Online abuse of politicians

A chara, – Pat Leahy (Opinion & Analysis, May 9th) accurately observes how the Greens are starting to be treated with abuse, particularly on social media.

Many of us in other political parties are used to it, and it tends to emanate from many of the same sources.

This abuse tends not to focus on a politician's views or their party's stand on an issue (or even their "virtue signalling"!) but generally becomes ad hominem, and often will involve a "pile-on" of targeted attacks. The language is generally crude, and Pat Leahy is right – female politicians often endure the most disgusting language.

There has been a consistent failure by social media companies to address this online behaviour. This does not just apply in the political arena. If they are not capable of self regulation, then legislative change will be required.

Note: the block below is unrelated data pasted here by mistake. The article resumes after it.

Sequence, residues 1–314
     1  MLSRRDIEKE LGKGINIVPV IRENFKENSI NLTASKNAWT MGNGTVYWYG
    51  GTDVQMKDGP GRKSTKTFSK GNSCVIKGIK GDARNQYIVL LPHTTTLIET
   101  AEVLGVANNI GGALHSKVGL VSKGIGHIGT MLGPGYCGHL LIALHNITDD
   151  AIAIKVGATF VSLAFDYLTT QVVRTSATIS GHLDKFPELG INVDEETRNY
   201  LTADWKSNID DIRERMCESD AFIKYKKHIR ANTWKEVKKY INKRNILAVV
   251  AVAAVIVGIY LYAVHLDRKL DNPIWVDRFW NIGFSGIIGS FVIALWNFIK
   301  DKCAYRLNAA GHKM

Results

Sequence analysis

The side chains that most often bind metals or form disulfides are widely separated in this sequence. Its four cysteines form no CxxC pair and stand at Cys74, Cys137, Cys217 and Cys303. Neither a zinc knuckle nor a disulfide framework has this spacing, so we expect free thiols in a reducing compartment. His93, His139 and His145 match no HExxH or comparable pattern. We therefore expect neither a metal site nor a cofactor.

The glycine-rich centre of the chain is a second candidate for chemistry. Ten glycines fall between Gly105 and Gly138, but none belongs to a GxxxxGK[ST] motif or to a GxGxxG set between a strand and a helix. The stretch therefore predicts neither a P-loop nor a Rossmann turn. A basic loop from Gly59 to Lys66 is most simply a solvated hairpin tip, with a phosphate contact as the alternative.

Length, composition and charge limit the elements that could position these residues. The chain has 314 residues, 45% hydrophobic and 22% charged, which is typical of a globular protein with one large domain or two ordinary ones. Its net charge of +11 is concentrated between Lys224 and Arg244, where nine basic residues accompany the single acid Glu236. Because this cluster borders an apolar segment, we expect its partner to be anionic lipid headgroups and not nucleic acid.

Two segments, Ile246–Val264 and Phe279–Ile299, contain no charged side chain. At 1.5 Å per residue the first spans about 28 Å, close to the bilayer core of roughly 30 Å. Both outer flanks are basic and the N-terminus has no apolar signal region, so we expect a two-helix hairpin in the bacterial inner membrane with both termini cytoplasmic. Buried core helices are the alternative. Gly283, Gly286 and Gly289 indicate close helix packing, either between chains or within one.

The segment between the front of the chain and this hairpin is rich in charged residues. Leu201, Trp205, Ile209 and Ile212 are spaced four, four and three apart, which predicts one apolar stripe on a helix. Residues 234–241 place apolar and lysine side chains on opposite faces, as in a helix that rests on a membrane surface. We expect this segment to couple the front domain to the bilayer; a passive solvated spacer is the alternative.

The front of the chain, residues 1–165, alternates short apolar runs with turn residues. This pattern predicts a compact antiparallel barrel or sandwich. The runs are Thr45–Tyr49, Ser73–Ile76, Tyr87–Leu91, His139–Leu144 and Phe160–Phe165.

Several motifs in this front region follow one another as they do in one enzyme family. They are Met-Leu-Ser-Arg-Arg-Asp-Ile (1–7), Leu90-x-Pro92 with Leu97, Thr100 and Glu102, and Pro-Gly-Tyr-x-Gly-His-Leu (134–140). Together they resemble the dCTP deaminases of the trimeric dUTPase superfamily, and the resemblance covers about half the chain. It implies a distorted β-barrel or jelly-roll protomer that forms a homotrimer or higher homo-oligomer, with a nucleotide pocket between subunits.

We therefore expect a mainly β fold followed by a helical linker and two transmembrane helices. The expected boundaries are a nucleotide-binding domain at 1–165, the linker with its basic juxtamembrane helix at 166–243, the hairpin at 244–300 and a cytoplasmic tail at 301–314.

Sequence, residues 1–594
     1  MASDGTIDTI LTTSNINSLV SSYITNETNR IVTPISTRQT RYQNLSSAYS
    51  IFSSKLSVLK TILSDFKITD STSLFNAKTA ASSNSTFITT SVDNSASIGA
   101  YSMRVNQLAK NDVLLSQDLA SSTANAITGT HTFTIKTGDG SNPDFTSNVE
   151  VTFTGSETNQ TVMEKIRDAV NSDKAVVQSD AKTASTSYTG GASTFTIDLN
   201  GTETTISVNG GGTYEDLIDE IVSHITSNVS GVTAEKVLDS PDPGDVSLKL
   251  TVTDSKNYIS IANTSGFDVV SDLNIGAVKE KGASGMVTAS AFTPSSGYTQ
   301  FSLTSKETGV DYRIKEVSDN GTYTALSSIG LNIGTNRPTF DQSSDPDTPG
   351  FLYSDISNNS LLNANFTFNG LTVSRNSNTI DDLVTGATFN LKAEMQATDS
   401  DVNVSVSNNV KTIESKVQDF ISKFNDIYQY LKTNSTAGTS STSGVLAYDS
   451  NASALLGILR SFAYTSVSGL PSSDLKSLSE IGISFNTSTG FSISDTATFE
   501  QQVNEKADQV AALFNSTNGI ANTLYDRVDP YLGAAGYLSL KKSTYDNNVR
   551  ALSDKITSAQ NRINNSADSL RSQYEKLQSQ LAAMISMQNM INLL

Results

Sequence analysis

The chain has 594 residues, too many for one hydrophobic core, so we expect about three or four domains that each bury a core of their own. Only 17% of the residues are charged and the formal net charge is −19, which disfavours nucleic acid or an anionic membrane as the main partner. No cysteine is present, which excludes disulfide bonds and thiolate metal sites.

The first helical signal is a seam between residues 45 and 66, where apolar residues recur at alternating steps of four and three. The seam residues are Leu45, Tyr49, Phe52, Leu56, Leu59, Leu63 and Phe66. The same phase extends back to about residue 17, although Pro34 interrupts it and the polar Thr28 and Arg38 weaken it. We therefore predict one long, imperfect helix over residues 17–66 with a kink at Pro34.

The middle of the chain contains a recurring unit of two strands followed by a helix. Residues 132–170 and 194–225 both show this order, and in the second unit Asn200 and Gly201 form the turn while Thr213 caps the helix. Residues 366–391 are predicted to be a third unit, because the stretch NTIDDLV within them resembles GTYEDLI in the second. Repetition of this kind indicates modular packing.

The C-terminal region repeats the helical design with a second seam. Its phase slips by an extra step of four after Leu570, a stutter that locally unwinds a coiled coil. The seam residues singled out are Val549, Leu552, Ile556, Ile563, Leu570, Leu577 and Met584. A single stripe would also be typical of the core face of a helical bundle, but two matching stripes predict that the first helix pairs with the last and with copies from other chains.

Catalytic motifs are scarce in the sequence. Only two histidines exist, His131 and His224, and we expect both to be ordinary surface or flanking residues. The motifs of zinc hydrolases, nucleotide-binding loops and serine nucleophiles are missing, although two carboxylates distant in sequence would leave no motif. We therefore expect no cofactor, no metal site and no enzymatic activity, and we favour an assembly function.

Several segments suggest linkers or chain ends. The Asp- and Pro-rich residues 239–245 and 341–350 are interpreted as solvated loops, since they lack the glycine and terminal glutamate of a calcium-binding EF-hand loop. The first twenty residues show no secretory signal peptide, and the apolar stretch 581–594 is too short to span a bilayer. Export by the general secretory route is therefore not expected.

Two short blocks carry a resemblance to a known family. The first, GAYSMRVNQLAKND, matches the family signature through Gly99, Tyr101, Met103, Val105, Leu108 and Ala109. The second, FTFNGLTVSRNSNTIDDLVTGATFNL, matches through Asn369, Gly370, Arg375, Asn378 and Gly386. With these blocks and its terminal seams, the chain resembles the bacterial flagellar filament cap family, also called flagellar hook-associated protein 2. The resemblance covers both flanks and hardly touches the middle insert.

But also of concern is the fact that some political leaders do not call on their supporters to be respectful and they arguably even condone their actions.

The right to free speech also comes with responsibilities. Engage in robust debate with politicians on their policies or statements but “play the ball, not the person”.

The growing levels of personalised abuse is deterring some good people from entering or staying in politics. It is not acceptable. – Is mise,



(Fianna Fáil),


Co Wexford.